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You might be lucky enough to not need a recepisse for your France visa but I definitely needed one.
What on earth is a récépissé? It sounds a little like a recipe in English. Although you are in France, it has nothing to do with gastronomy.
A récépissé-intercalaire is a temporary visa. The recepisse for your France visa allows you to stay in the country (and the EU) after your current visa expires. It will tide you over until the meeting date to renew your French visa at the Préfecture de la Police.
Long-Stay Visa In France:
You will need a recepisse for your France visa if you are already living in France and decide you want to stay longer.
If you are thinking about applying for a French visa from your home country here are the steps I followed:
- How I applied for my long-stay visa in France.
- How to validate your long-stay visa once you have arrived in France.
Please note: I am recounting my personal experience and am not an immigration expert.
Why A Recepisse For Your France Visa Is Needed
If you are living in France on a long-stay visa and decide to extend your visa, the first thing to do is make an appointment at the Préfecture de la Police.
Log into your account using your identification number and set up an appointment. When there are NO available appointments before your visa expires, don’t panic.
Register for a visa renewal appointment, even if the date you select is after the expiration date of your current visa.
Then apply for a récépissé-intercalaire, or a recepisse for your French visa.
A récépissé is the stopgap. The bridge from one visa to the next.
The récépissé allows you to stay in France until the appointment at the Préfecture de la Police for the examination of your dossier (file).
Applying For A Récépissé
When I had the date of my appointment at the Prefecture de la Police to renew my visa and the date was for a month after my long-stay visa expired, I emailed here explaining my situation.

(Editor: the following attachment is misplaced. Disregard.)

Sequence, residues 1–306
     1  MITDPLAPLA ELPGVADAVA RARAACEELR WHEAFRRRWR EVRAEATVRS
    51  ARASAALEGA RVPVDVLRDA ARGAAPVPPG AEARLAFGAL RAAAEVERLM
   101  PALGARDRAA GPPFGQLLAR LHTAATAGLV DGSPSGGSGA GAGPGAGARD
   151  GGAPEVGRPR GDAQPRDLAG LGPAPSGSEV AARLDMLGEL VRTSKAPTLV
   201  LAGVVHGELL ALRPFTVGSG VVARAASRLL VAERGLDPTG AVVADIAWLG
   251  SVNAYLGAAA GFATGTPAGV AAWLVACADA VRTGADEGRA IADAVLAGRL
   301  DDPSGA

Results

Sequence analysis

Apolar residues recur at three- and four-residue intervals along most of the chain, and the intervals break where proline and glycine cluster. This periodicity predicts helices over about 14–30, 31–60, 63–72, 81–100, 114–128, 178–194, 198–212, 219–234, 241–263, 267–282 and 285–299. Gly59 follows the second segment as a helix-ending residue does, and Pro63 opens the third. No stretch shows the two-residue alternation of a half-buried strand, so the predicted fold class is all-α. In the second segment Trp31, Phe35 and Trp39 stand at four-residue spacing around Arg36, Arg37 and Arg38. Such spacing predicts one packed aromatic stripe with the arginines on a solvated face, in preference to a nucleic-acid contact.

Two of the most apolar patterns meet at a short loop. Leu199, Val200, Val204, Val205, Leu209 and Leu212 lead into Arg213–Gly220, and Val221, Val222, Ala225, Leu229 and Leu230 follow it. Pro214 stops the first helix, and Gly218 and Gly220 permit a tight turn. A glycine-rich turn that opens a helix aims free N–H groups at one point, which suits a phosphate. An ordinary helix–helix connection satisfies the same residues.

This is what I wrote:
Je souhaite avoir une récépissé parce que mon visa expire le __ février 2021 mais ma convocation à la préfecture est le __ mars 2021. Pouvez-vous m’en fournir une s’il vous plaît? Merci beaucoup!
I heard back quite quickly and was asked to send a copy of:
- my current visa (the one attached in my passport)
- the confirmation of the meeting at the Préfecture de la Police to renew my visa
Once I uploaded those two documents and replied via email, I heard back in a couple of days. I was sent an appointment date for the Préfecture de la Police in the 17th arrondissement. This appointment would hopefully allow me to stay in France until the most important meeting.
Now, I could breathe a bit easier.
Getting Ready For The Recepisse Appointment
Collecting the paperwork for the récépissé meeting is not as stressful as for the real visa appointment but you still need to be sure to have everything. The list of what you are expected to bring is sent along with the confirmation of the appointment.
What You Need For The Recepisse-Intercalaire Meeting:
- the current visa that’s attached in your passport, plus a separate copy
- bring the original and a copy of the convocation (the summons appointment) for the recepisse
- bring the original and a copy of the convocation ( the summons appointment) for the future meeting for the real visa